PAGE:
intended to be roasted darker - French because the collection of beans 
do well at that range. Any bean can be taken to French - not all perform 
well at that level of roast tho.
Precision - and consistent precesion is key to successfully roasting. Of 
all the variables - quantity of beans being roasted is entirely in your 
control - so make sure every roast you do has as close to exactly the 
same quantity as you can manage. That will make the rest much easier. 
Virtually everything else is variable. Roast time depends on density of 
bean, elevation, characteristic of a particular roaster, power supply 
and ambient conditions like tempurature and humidity. It's a real art to 
get two roasts back to back to be exactly the same level - and a real 
sense of satisfaction when you become in tune with the bean and 
surroundings to do just that. Heh - be one with the bean dude. :)
Be well,
Mike
Adam Jahiel wrote:
<Snip>
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4) From: Les & Becky
Adam,
I don't have an Alps, but I have seen one in action.  I would guess that one
of you are not getting full heat.  The friend that showed me his Alps had
very dark shiny oily beans.  I don't know what his setting was.  It isn't
the beans, it is the machine!
By the way, I didn't roast for the camping trip this weekend.  I am taking
my antique popcorn roaster, and a nice load of dry madrone, and I am going
to roast over the fire!  The group has me inspired!  I am going to use my
hand grinder, and the antique stainless vacuum brewer to get it from bean to
brew!  I'll give you a report when I get back.  I'll be taking the Uganda
Bugesu, as it is my favorite coffee, (St. Helena is in a class by itself.)
and the one I have the most experience with.  I have also found that it
doesn't need a resting time to be good!
Les
Going to cool off at the Oregon Coast this weekend!
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5) From: Charlie Herlihy
Hi Adam, a dark french roast is by far the most simple, least
complicated roast to achieve. Roast untill second crack starts
to slow. That's it.You can work at getting there with grace and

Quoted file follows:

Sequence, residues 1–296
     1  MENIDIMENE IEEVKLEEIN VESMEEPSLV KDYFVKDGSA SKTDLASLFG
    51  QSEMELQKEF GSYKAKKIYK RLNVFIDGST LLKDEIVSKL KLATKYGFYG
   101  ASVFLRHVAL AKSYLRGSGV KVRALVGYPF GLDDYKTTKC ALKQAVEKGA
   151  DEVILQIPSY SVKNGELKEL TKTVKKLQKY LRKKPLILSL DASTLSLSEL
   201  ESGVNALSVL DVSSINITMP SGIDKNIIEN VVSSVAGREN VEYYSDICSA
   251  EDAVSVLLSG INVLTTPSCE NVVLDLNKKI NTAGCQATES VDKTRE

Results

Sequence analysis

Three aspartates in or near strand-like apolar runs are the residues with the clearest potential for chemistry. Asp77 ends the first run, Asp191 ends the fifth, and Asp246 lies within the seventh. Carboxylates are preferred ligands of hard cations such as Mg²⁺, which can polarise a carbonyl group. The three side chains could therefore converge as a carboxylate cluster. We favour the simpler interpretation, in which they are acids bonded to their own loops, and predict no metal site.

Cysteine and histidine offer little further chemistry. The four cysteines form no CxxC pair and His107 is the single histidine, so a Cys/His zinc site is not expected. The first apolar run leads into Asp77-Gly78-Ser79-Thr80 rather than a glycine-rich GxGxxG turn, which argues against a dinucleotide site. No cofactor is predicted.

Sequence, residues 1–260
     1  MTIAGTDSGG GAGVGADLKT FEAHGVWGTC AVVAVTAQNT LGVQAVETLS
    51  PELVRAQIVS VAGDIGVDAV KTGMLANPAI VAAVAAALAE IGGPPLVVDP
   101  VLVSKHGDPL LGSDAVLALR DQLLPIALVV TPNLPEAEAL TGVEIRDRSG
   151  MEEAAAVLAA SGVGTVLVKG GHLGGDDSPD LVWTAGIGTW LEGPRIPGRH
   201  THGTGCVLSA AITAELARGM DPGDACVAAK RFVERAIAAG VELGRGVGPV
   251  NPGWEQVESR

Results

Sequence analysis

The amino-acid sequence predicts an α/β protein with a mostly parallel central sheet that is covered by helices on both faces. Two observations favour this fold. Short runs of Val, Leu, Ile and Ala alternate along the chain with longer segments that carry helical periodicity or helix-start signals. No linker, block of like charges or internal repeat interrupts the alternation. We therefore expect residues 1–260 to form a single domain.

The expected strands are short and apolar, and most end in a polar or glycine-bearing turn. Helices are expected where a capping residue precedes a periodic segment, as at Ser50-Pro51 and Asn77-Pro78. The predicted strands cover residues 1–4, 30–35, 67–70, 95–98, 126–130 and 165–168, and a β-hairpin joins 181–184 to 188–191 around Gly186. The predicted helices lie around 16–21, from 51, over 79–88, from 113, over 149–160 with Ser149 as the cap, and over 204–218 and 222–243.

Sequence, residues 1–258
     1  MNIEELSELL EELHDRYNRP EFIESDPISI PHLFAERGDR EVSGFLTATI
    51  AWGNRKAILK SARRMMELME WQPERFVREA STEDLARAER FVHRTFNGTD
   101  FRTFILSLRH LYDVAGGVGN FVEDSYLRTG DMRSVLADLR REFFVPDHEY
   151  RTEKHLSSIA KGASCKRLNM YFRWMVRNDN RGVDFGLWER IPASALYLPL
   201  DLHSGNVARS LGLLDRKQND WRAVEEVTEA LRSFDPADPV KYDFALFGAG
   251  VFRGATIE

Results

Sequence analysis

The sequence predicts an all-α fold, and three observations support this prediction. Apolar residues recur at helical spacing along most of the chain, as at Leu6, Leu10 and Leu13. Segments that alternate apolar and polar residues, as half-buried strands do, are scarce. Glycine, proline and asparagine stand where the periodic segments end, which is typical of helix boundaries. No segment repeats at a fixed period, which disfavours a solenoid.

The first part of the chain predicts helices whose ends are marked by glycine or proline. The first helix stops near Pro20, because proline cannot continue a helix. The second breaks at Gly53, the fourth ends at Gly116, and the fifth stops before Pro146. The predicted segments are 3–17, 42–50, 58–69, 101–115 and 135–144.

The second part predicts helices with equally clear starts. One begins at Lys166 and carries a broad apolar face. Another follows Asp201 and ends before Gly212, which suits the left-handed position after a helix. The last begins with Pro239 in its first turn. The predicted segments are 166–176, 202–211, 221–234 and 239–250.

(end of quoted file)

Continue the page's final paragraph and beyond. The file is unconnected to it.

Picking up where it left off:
pacience , but even without experiance and a profile in mind
they'll get dark and oily sooner or later. Some beans taste
great at that roast, some awfull.  Tom is an old pro at it and I
would expect that his blend has the right stuff in it. 
Personally I like high grown Mexican, Sulawesi, Java estate and
Harar for very dark roasts. If your Alp won't roast the beans
into second crack then it's defective or needs some kind of
maintanance. Every single coffee bean grown can be roasted to
that stage, even if it shouldn't be. There's nothing special
about any Columbian that makes it roast any darker than anything
else. Must be the Alp.   Trust me on this one :o)
Charlie
--- Adam Jahiel  wrote:
<Snip>
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6) From: coffenut
This is a multi-part message in MIME format.
Adam,
 
Some Alps have a problem achieving darker roasts because of the factory
heater calibration.  Yours could be one of the cooler calibrated ones
and may need to be readjusted by SwissMar.  Also on your Alp, make sure
the two flapper doors are closing all the way up against the edge of the
flange when you first start the roast.  If they are not closing
completely it will allow too much heat to be exhausted by the fan.
Ambient temperature can also play a part when you roast.  The older Alps
(before they added the temp compensation circuitry) can be stalled from
reaching proper roast when the ambient temp is below 60F.  I love to
roast on my deck, but have to move inside and hook up my Alpenblower
when outdoor temps are too cool.
 
My Alp is one of the hotter units and believe me it will go well beyond
French roast all the way to charcoal if I let it.  The Alp can do French
roast levels quite well.  By the way, I'm enjoying a cup of Sumatra Lake
Tawar roasted to that level as I write.
 
Coffenut  :^)